Saturday, December 19, 2009

UNFPA SUPPORTS CAMLINK CODE MONITORING


By James Achanyi-Fontem
Coordinator,IBFAN Cameroon
Authorities of the United Nation Fund for Population Activities, UNFPA, have drawn the attention of the Ministry of Public Health in Cameroon to the importance and place monitoring of the International Code on the marketing of breastmilk substitute in the regulation and promotion of child survival.
The information filtered from a working session organised by the Minister of Public Health, Andre Mama Fouda, on Thursday, 1oth December 2009 in Yaounde with the head of the communication service of the ministry and a senior journalist of Cameroon Tribune.
The UNFPA drew the attention of the minister to an article on activities organised by Cameroon Link (CAMLINK) following the training of trainers’ course by IBFAN Africa in Douala on the World Breastfeeding Trends Initiative. The minister was informed that code monitoring was an alert system that keeps formula producers from health facilities, thereby giving the opportunity to breastfeeding mothers to remain attached to World Health Assembly regulations and recommendations by the World Health Organisation. Cameroon Tribune has earlier published a news investigation on company violations of the Cameroon national code issued as law on the 1st December 2005.
A formula production company during that period sponsored a workshop of paediatricians in Limbe and used the trade mark of Bledina to advertise the workshop in violation of articles of the international and national code on the promotion and marketing of breastmilk substitutes in the country.
The same company consolidated its violation with an advertorial in the Eden Newspaper of Wednesday, 9th December 9 – Monday, 14th December 2009. Cameroon Link had during the WBTi training called on the government to create a regulatory committee with the appointment of a national coordinator to check such lapses throughout the country.
In reaction to the flagrant violations world wide through scientific meetings and workshops, a UNICEF Baby Friendly Initiative statement on formula company-funded study days was issued in the United Kingdom.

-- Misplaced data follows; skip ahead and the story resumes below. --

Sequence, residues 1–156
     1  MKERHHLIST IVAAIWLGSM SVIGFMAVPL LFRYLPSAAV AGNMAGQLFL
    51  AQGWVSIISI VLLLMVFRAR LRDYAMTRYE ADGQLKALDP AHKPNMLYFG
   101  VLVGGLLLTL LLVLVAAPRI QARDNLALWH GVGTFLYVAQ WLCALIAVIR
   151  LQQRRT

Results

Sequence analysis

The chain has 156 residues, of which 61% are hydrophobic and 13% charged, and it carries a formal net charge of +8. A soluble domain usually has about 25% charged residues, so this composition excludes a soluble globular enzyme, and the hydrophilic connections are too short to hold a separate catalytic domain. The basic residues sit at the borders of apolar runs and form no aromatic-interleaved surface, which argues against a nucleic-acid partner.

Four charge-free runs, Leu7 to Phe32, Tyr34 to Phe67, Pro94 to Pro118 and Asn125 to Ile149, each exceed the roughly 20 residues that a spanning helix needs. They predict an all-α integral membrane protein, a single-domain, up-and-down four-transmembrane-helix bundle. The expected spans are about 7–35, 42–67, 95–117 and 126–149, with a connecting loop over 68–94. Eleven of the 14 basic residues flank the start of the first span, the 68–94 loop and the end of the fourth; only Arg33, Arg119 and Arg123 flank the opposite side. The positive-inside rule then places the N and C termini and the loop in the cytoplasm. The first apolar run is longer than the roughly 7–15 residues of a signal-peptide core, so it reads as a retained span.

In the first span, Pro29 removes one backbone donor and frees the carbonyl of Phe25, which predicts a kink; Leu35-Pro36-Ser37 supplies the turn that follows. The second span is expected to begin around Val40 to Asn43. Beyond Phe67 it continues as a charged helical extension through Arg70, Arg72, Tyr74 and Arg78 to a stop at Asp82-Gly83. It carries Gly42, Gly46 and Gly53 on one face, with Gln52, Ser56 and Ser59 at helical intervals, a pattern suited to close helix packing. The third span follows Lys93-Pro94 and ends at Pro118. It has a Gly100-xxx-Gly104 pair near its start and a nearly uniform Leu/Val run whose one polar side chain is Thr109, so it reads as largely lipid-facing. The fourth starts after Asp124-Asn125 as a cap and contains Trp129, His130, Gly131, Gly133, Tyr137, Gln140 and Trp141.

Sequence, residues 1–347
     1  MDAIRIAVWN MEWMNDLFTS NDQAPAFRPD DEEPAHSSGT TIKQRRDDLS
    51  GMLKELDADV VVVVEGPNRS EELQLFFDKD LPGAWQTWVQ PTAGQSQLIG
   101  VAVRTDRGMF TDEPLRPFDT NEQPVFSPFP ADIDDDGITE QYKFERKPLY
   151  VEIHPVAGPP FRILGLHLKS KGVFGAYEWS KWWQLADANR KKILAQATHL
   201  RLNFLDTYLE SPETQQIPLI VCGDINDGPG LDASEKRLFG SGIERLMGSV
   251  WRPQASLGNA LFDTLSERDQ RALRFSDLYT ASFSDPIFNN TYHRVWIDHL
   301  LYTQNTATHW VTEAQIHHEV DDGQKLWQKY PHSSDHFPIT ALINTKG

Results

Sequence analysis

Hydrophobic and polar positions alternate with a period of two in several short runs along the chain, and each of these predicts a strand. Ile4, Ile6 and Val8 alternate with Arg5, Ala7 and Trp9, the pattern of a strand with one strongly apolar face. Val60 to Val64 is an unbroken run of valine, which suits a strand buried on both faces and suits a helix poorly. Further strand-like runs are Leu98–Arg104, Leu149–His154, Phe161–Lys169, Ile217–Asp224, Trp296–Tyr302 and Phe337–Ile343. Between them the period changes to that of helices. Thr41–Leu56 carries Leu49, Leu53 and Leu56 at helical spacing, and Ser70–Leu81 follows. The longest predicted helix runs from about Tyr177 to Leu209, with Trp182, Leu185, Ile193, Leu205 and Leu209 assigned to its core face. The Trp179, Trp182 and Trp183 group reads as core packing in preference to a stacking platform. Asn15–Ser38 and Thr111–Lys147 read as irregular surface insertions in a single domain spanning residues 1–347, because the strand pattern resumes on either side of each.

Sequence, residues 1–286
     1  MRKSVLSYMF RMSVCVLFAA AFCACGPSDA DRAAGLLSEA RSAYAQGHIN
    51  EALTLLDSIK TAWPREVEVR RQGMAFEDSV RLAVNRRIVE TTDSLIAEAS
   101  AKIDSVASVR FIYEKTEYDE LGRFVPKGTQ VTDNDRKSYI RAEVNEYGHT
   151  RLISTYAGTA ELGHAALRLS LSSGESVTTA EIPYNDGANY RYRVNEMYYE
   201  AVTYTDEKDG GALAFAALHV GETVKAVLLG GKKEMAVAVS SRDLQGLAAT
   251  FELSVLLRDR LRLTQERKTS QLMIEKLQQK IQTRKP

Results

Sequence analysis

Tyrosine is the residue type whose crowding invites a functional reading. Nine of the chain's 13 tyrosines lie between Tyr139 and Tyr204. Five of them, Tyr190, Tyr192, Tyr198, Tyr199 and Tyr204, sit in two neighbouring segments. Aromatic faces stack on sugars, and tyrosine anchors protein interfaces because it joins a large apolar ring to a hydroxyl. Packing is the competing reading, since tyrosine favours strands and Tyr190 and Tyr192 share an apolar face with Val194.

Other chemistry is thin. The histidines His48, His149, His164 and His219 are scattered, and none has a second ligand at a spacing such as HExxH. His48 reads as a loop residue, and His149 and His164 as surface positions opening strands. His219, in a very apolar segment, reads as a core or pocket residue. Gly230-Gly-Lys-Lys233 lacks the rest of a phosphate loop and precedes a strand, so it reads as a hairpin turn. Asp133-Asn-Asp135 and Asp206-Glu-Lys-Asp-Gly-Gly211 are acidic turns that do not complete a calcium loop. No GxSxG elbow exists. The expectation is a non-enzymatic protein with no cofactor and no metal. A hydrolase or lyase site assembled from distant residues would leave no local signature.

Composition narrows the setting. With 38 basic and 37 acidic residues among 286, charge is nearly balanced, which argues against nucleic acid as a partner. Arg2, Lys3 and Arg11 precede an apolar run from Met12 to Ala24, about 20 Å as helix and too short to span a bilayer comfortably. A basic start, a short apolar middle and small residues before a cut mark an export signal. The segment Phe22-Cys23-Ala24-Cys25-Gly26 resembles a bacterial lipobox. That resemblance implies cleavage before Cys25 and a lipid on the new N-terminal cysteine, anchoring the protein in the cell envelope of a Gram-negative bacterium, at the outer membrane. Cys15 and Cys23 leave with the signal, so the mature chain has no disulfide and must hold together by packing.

UNICEF Baby Friendly Initiative had recently received several enquires regarding study days sponsored by formula milk industries. These days range from holding study days nutrition company institutes serving as bridges to reach health staff caring for babies within public and private.
The Baby Friendly Initiative requires that all health-care facilities seeking Baby Friendly accreditation adhere to the International Code of Marketing of Breastmilk Substitutes. Information on formula milks provided to health professionals in order to allow them to support mothers who do not breastfeed, should be scientific, factual and free from promotion.
Health professionals are the ideal conduit for promoting formula milk. They engender public trust and respect and have easy access to virtually all new mothers and babies. The ‘halo effect’ of having mothers associate the company brand with a health professional is highly valued. However, for this to happen, the companies need access to those health professionals. As recently, and in the last 10 years before the publication of the code, company representatives had free access to many health-care premises and they induced health professionals to attend their talks with hospitality and free materials.
The Cameroon Code forbids any penetration of health facilities by company delegates to advertise their brand and donate materials or organise meetings. The companies have now opted the indirect version of sponsoring activities of health professionals in very attractive tourism facilities as an incentive.
With increased support for breastfeeding in the health services, health professionals have gradually become much more aware of the real purpose of this ‘generosity’ and its negative effect on breastfeeding and efforts to support informed choice. Subsequently, much of this easy access to health professionals still has to be stopped in countries like Cameroon.
Sponsored study days are a highly effective mechanism for circumventing workplace controls on access by company representatives and so gaining direct access to health professionals. The study days no longer directly focus on breast and bottle feeding, which would only arouse suspicion, but rather are specialist in nature, focusing on, for example, allergy or growth, thus reassuring prospective participants of their legitimacy. Participants are asked to register for the study day, so providing the company with contact details for future promotional opportunities. At the event itself there are opportunities for introductions, closing statements, odd lectures by company representatives and promotional materials that can be given to everyone who attends. The result of this is health professionals who are highly aware of the company’s brand and product, informed of the product’s key selling points, in possession of company materials and possibly well disposed to the company providing them with ‘free’ education. If any of this is then passed on to parents, the company’s outlay can be justified to shareholders as being designed to increase profits.
The Baby Friendly Initiative standards do not expressly prohibit health professionals’ attendance at formula company study days. However, attendance is strongly discouraged. Any health professional considering attending such a day should ask themselves whether attendance is really necessary for their education, whether it is compatible with their Code of Conduct and responsibilities to implement best practice and what effect their attendance could have on the families they serve. For more information visit the Code Monitoring page at http://cameroonlink.info